Geo-based marketing opens many new doors for retailers

Location-based mobile comms has become an important method for retail stores to engage, retain, and draw consumers to stores.

Location-based mobile communications has become an important method for retail stores to engage, retain, and draw consumers to stores.

For the Sears and Kmart brands, Sears Holdings has developed mobile websites, a number of consumer-facing apps, QR code offerings, and deals of the day. These efforts encourage social sharing and leverage a GPS and zip code locator in order to meet its customers' needs and drive traffic to its retail locations.

Meeting many needs
"Web and mobile technology enable more options that fit different customers' needs and lifestyles," says Tom Aiello, divisional VP at Sears Holdings.

Sears customers can use mobile devices to access ads and deals of the day, receive notifications on price point, share and vote on purchases through social media sites, and scan QR codes to receive detailed product information, reviews, and videos.

The Sears and Kmart mobile apps have built-in GPS and zip code locators that help connect consumers with targeted information about the stores in their area.

"For those traveling to different cities, they can use this feature to find deals in different areas and compare prices," explains Aiello.

Buying into mobile

Gap
Ran a promotion where the first 10,000 customers to check in to its stores on Facebook Places would receive a pair of free jeans

Ann Taylor
Rewarded mobile customers with an offer that provided a 15% discount after five store check-ins on Foursquare and a 25% discount for store 'mayors'

Walgreens
Conducted a promotion this fall where each time a Foursquare user checked in to Walgreens, it would donate a flu shot to a person in need

Sports Authority
Presented a $25 credit to mobile customers who spent $50 or more

Perhaps the most common use of location-based marketing by retail brands aiming to connect with consumers are deals offered via services such as Foursquare, Gowalla, Facebook Places, Google Offers, and Google Places.

"Location-based marketing offers an excellent opportunity for brands to get a right time/ right place message to consumers," says Julie Renwick, executive director of mobile for North America at Ogilvy.

She adds that geo-sensing offers a perfect opportunity to bring nearby consumers right to the store's doors to make a purchase, particularly when combined with physical signage that alerts the less tech-savvy consumers to mobile offers.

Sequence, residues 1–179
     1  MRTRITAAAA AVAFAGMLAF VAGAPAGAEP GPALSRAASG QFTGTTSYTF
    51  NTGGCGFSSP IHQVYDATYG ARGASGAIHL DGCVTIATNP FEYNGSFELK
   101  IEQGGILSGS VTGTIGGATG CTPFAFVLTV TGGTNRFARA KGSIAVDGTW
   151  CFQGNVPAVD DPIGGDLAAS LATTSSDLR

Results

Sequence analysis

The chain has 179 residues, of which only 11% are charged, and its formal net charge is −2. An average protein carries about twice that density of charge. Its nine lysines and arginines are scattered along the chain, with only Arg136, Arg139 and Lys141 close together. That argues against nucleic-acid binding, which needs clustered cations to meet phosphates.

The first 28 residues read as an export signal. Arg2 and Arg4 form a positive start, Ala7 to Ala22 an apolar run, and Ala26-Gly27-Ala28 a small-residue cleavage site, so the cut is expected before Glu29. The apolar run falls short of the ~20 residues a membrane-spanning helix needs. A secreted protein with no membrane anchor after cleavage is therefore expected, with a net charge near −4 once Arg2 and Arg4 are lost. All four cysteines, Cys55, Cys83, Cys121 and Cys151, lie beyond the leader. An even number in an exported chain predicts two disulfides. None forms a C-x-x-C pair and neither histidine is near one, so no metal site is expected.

"Those two elements together are creating a lot of excitement and effort from brands to get their messages into the mobile channel," says Renwick, who believes mobile location-based communications will be a huge area of growth in 2012.

Geo-sensing, she explains, will become more popular; the coupon space will continue to grow; and consumers will be more open to receiving mobile offers and using their phones to make purchases.

"Because of that," notes Renwick, "we will see a lot more activity for messages being sent and redeemed on the phone."

Tom Biro, VP in the Seattle office of Allison & Partners, says brands are increasingly becoming active in the space as they realize the barrier to entry is relatively low and that the space allows for experimentation to see what works best for consumer interaction.

"Simplicity is the beauty in it," he suggests. "Part of that is just claiming your location in the first place on the two or three services you think make the most sense."

Facebook may be one reason more consumers have gotten on board with location-based services and are more likely to use them in everyday life, such as when going to retail locations or food and beverage stores.

"It's not just a bunch of outliers using these services anymore," notes Biro. "You have a little bit more of a mainstream audience. That's something Facebook is very responsible for."

Additional benefits
Along with offering deals, some brands are using location-based services to do tie-ins with their loyalty programs or are attaching charity tie-ins to each consumer purchase.

"Most services have enough people using them, especially in major markets, that you could get a couple hundred check-ins," says Biro. "For donations, it's an interesting mechanism."

He also believes location-based communications will continue to grow as more consumers and brands get on board.

"The more people playing in the sandbox," says Biro, "the more buzz it gets."

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